Temperature drift

An important characteristic of any magnet is temperature drift. It’s a well-known phenomenon that the magnetic field of a magnet will weaken as the temperature increases. The degree by which this change occurs can vary with magnetic material. Table 1 lists some typical values.

Table 1 Temperature coefficients are shown for common magnetic materials. Source: Texas Instruments

To counter this diminished magnetic field strength, it’s helpful to use a sensor with temperature compensation equal in magnitude to this effect, but in the positive direction. For instance, Hall-effect sensors such as TMAG5170 and TMAG5273 have programmable temperature compensation settings of 0%/°C, +0.12%/°C and +0.2%/°C, which can help offset the drift of the magnet and help stabilize the system across all operating temperatures.

Hysteresis

Magnetic hysteresis is an effect that results in output signal-magnitude variance based on the rotational direction of the magnet. While a magnetic concentrator has an advantage of gathering more magnetic flux for the sensing element, it also tends to experience a negative impact from this effect. It’s caused by the temporary magnetization of the concentrator itself, as might be described by the magnetic hysteresis loop which is commonly referred to as a B-H curve and is depicted in Figure 5. The B-H curve describes the remanence of a ferromagnetic material when exposed to a changing external magnetic field.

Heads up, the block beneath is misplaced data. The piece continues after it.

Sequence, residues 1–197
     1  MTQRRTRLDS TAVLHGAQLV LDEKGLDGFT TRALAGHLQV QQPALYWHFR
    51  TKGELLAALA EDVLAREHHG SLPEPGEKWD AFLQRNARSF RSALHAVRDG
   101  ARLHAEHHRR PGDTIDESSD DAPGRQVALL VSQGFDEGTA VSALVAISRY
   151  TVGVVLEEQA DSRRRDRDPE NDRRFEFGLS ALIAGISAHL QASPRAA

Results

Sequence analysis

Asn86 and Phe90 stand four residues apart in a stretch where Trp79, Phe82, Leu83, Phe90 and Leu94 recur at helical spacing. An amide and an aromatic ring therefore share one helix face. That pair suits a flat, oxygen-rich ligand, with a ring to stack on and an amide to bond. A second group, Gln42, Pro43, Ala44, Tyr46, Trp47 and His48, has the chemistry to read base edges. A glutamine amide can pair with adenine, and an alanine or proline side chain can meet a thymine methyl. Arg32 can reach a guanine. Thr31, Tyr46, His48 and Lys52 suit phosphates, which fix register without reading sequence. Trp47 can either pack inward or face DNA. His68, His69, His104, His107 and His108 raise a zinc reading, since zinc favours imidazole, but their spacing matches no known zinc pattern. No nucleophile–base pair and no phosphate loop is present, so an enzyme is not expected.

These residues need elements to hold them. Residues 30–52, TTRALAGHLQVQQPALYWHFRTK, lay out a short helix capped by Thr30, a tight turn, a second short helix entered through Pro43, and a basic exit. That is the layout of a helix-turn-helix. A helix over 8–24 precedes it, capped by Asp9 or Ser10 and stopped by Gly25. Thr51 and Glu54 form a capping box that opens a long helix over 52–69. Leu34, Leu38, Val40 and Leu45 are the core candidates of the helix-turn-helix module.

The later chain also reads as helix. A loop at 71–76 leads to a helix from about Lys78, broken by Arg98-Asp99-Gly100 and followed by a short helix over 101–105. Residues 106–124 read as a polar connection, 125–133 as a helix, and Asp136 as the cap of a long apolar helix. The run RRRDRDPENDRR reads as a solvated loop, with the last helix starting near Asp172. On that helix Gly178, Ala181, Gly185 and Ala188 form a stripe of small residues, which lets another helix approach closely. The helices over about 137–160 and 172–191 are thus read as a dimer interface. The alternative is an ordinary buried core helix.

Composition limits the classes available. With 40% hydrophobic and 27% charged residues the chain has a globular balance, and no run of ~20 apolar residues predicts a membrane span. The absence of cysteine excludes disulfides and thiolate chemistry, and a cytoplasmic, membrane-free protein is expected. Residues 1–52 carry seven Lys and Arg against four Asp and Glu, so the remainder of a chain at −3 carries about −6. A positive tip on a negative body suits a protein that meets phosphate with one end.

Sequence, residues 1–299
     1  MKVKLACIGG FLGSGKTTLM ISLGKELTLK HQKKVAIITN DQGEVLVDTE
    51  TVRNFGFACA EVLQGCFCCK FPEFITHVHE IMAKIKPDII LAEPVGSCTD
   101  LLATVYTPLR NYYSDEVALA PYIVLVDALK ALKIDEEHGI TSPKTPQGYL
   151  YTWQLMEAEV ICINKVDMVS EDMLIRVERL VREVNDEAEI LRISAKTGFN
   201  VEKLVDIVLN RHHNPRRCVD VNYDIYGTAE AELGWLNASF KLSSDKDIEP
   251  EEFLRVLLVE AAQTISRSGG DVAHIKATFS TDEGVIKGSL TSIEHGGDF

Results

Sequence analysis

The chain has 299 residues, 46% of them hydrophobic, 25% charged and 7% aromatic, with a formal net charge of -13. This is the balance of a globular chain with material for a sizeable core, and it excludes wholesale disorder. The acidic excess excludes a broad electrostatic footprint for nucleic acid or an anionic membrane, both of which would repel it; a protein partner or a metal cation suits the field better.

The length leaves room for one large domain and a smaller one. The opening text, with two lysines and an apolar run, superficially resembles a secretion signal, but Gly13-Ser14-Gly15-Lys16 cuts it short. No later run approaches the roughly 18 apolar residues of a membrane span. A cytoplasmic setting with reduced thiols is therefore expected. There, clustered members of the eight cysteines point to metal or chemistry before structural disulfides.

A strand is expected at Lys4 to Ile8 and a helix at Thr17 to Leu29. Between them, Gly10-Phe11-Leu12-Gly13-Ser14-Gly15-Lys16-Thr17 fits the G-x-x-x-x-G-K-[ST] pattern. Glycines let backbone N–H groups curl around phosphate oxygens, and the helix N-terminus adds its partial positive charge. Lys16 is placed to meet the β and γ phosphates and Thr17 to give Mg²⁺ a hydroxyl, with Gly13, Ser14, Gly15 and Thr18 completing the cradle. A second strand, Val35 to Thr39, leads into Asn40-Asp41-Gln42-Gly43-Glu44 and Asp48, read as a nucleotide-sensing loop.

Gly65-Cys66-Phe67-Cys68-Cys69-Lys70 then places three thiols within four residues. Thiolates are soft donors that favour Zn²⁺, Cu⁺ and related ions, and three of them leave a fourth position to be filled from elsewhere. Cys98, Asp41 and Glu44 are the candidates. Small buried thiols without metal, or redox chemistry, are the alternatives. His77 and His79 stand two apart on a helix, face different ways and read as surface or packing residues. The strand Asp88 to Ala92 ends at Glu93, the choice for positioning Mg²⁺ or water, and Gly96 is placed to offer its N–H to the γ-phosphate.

Figure 5 An example B-H curve is shown for a ferromagnetic material. Source: Texas Instruments

For materials affected by magnetic hysteresis, some of the magnetic dipoles within the material can retain the alignment caused by the presence of an external magnetic field, which influences the observable input at the sensor based on the previous state of the rotating magnet. Tunnel magneto-resistive and giant magneto-resistive sensors are prone to magnetic hysteresis, given the complex internal structures involved with each technology.

Hysteresis often requires calibration measurements, taken by rotating the magnet both clockwise and counter-clockwise to establish a proper correction for either direction.

Cross-axis sensitivity errors